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Recent 737 MAX 8 crashes and effects on AA 737 MAX 8s (NOT reaccommodation)

Recent 737 MAX 8 crashes and effects on AA 737 MAX 8s (NOT reaccommodation)

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Old Jun 17, 19, 6:57 am   -   Wikipost
Please read: This is a community-maintained wiki post containing the most important information from this thread. You may edit the Wiki once you have been on FT for 90 days and have made 90 posts.
 
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This thread is dedicated to the effect on AA from the October 29, 2018 and March 10, 2019 crashes if two Boeing 737 MAX 8 aircraft in Indonesia and Ethiopia, respectively.

To discuss reaccommodation by AA subsequent to the grounding of all Boeing MAX 8s and 9s by the US Federal Aviation Administration on 13 March 2019, please refer to 737 MAX grounded 13 Mar 2019. What to do if you were supposed to fly on one?


13 March 2019: All US airline Boeing 737 MAX 8 and 9 aircraft are grounded by US Federal Aviation Administration emergency order. AA has removed all 737 MAX 8 from scheduling through 19 August 2019.

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The thread regarding the 10 March 2019 Ethiopian Airlines ET 302 737 MAX 8 crash out of Adis Ababa is Ethiopian Airlines: Boeing 737 Max 8 crashes on way to Kenya [ET302 ADD-NBO 10MAR19]. Link.

The thread regarding the 29 October 2018 Lion Air JT 610 737 MAX 8 crash out of Jakarta is Lion Air flight from Jakarta has crashed
. Link.

American Airlines ordered 100 Boeing 737 MAX 8 (7M8) with options for 60 more. The first 737 MAX -8 flew at the assembly facility in Renton, WAshington, USA on 29 Jan 2016. Deliveries to AA commenced in late in 2017, with four delivered in 2017,16 more during 2018, with 20 more to be delivered during 2019. IATA code B38M; AA code "7M8".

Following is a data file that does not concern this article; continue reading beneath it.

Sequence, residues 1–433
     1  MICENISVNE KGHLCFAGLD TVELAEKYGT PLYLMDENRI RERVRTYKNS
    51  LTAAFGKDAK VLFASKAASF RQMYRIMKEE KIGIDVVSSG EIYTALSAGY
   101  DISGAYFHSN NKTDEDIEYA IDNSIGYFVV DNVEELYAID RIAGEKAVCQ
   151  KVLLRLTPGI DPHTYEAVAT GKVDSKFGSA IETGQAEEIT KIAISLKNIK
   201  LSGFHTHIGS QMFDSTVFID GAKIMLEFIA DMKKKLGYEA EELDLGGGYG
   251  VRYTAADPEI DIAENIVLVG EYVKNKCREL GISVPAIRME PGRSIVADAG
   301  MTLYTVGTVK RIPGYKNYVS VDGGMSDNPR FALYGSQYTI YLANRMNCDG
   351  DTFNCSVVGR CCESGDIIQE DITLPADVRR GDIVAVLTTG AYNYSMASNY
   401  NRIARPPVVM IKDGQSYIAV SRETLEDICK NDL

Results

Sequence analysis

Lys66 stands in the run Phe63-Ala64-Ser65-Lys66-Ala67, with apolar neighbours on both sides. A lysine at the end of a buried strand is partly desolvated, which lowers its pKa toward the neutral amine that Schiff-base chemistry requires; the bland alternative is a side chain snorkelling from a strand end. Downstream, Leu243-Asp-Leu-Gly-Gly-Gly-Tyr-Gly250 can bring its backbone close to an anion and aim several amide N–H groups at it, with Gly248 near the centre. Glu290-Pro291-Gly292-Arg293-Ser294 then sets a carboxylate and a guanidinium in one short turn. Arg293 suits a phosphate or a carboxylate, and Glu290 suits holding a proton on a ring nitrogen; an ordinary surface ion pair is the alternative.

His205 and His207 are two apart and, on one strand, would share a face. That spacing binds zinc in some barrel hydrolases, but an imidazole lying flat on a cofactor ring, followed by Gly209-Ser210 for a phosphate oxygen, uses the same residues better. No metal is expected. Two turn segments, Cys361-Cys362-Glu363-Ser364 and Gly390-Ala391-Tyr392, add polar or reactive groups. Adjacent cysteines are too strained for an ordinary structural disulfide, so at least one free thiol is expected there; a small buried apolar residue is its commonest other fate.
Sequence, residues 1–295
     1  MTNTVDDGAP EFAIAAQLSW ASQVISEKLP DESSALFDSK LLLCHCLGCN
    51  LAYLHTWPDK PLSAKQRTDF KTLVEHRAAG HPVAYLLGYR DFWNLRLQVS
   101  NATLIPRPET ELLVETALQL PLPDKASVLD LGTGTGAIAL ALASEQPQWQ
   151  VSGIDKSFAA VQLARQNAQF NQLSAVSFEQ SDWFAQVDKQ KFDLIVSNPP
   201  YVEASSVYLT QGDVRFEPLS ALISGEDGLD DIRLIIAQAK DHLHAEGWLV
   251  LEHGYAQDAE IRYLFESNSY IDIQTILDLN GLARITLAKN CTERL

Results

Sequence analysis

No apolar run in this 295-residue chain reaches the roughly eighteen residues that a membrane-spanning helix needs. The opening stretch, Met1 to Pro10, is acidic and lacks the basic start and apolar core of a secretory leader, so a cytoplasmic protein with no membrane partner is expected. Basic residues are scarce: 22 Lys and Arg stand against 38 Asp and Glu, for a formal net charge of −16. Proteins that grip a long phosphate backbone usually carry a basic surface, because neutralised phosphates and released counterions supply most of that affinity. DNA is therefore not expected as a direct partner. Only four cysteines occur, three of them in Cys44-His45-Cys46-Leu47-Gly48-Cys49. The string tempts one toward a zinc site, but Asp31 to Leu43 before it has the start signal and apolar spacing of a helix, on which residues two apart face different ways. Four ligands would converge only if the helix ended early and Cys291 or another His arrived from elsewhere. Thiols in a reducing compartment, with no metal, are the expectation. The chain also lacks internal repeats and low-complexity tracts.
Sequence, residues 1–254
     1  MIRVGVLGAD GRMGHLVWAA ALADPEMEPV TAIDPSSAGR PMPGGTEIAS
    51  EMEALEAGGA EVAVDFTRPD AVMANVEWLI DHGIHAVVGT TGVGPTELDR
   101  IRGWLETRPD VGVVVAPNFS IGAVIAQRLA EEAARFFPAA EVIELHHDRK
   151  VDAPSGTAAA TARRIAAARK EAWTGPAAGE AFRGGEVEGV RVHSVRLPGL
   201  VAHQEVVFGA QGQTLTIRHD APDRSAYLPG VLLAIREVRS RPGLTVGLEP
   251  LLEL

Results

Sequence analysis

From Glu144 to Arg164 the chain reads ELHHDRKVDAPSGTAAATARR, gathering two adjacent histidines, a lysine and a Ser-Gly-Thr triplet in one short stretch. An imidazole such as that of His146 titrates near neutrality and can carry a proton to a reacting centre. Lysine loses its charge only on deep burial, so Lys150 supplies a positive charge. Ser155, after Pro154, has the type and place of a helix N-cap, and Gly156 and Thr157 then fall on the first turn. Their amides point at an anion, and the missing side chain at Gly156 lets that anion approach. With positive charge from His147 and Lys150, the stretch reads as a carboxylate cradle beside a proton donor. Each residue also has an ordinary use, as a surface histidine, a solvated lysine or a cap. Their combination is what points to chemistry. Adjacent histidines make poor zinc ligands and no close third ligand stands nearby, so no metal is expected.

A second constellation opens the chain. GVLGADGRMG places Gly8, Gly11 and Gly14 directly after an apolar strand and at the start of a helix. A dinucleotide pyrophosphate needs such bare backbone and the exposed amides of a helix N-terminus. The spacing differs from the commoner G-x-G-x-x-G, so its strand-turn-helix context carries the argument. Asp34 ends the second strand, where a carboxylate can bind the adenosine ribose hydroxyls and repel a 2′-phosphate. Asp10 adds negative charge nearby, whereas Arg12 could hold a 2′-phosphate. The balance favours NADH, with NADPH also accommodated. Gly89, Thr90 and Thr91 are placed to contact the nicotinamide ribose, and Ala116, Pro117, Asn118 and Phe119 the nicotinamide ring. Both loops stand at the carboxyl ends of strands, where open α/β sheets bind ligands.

Link to the story of how 737 MAX’ birth in the DFW Admirals Club and the forces that shaped it.

29 October 2018: Indonesian carrier Lion Air Flight 610 on October 29 crashed into the sea soon after takeoff with the loss of all aboard, apparently due to the erroneous data from a faulty Angle of Attack sensor, which caused the MCAS (Maneuvering Characteristics Augmentation System) to assume the plane was about to stall, which activated the downward force on the Stabilizer Trim to get the nose down. Link to BBC article.

Link to Aviation Herald discussion.

Link to FlyerTalk airline forum thread regarding this incident.

“Instead of switching off the Stabilizer Trim the pilots appear to have battled the system.” Link

This aircraft had been written up as having a faulty AOA indicator for the previous three flights it had taken. It is unclear if Lion Air had performed adequate maintenance procedures after the reports or withdraw the aircraft from service until the fault could be completely cleared.

7 November 2018: The US Federal Aviation Administration / FAA issued an Airworthiness Directive (AD note) covering the AOA within a few days, giving US airlines 30 days to comply with the AD.

7 November 2018: Boeing issued revised operating instructions covering the revised MCAS used in the MAX 8, updating the MAX operations manual. See the manual update and the switches referenced in this post.

See “What is the Boeing 737 MAX Maneuvering Characteristics Augmentation System?”, updated November 17 to explain the MCAS and electric trim override operation, here: link.

10 March 10, 2019: An Ethiopian Airlines 737 MAX 8 departing Addis Ababa to Nairobi turned back to the airport soon after takeoff, but crashed with the loss of all aboard.

Link to BBC article.

Link to Aviation Herald discussion.

Link to FlyerTalk airline forum thread regarding this incident.

10 March 10, 2019: The US National Transportation Board / NTSB has dispatched an investigation team, as have Boeing, to Addis Ababa to assist the Ethiopian investigators in determining the cause(s) of the crash. The “black boxes” (cockpit voice and the flight data recorder have been recovered.

A revised MCAS is in the works, and the FAA is expected to issue an AD note when the MCAS update is done. This is expected to occur in May, 2019.